The causal association between obesity and gastric cancer and shared molecular signatures: a large-scale Mendelian randomization and multi-omics analysis

Abao Xing, Henry H.Y. Tong, Songyan Liu, Xiaobing Zhai, Li Yu, Kefeng Li

Research output: Contribution to journalArticlepeer-review

Abstract

Purpose: While observational studies have identified obesity as a potential risk factor for gastric cancer, the causality remains uncertain. This study aimed to evaluate the causal relationship between obesity and gastric cancer and identify the shared molecular signatures linking obesity to gastric cancer. Methods: A two-sample Mendelian randomization (MR) analysis was conducted using the GWAS data of body fat percentage (exposure, n = 331,117) and gastric cancer (outcome, n = 202,308). Bioinformatics and meta-analysis of multi-omics data were performed to identify key molecules mediating the causality. The meta-analysis of the plasma/serum proteome included 1,662 obese and 3,153 gastric cancer patients. Obesity and gastric cancer-associated genes were identified using seven common gene ontology databases. The transcriptomic data were obtained from TCGA and GEO databases. The Bioinformatic findings were clinically validated in plasma from 220 obese and 400 gastric cancer patients across two hospitals. Finally, structural-based virtual screening (SBVS) was performed to explore the potential FDA-approved drugs targeting the identified mediating molecules. Results: The MR analysis revealed a significant causal association between obesity and gastric cancer (IVW, OR = 1.37, 95% CI:1.12-1.69, P = 0.0028), without pleiotropy or heterogeneity. Bioinformatic and meta-analysis of multi-omics data revealed shared TNF, PI3K-AKT, and cytokine signaling dysregulation, with significant upregulation of AKT1, IL-6, and TNF. The clinical study confirmed widespread upregulation of systemic inflammatory markers in the plasma of both diseases. SBVS identified six novel potent AKT1 inhibitors, including the dietary supplement adenosine, representing a potentially preventive drug with low toxicity. Conclusion: Obesity causally increases gastric cancer, likely mediated by persistent AKT1/IL-6/TNF upregulation. As a potential AKT1 inhibitor, adenosine may mitigate the obesity-to-gastric cancer transition. These findings could inform preventive drug development to reduce gastric cancer risk in obesity.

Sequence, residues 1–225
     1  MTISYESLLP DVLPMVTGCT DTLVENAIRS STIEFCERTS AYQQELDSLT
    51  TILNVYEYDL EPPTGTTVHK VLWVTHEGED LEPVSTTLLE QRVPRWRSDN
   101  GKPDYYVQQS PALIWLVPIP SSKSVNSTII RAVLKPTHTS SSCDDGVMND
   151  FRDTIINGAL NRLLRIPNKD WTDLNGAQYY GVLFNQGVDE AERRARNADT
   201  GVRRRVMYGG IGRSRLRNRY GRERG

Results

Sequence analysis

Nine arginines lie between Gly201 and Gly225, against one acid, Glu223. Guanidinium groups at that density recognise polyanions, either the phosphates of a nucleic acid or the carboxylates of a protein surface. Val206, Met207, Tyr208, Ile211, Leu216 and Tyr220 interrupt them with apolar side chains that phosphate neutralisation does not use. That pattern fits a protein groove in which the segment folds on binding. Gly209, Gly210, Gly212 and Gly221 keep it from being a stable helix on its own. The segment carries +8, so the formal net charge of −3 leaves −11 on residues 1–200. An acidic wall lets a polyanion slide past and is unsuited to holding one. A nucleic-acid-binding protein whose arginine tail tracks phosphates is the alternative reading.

Original languageEnglish
Article number1091958
JournalFrontiers in Oncology
Volume13
DOIs
Publication statusPublished - 2023

Keywords

  • causality
  • gastric cancer
  • multi-omics
  • obesity
  • shared molecular signatures

Fingerprint

Dive into the research topics of 'The causal association between obesity and gastric cancer and shared molecular signatures: a large-scale Mendelian randomization and multi-omics analysis'. Together they form a unique fingerprint.

Cite this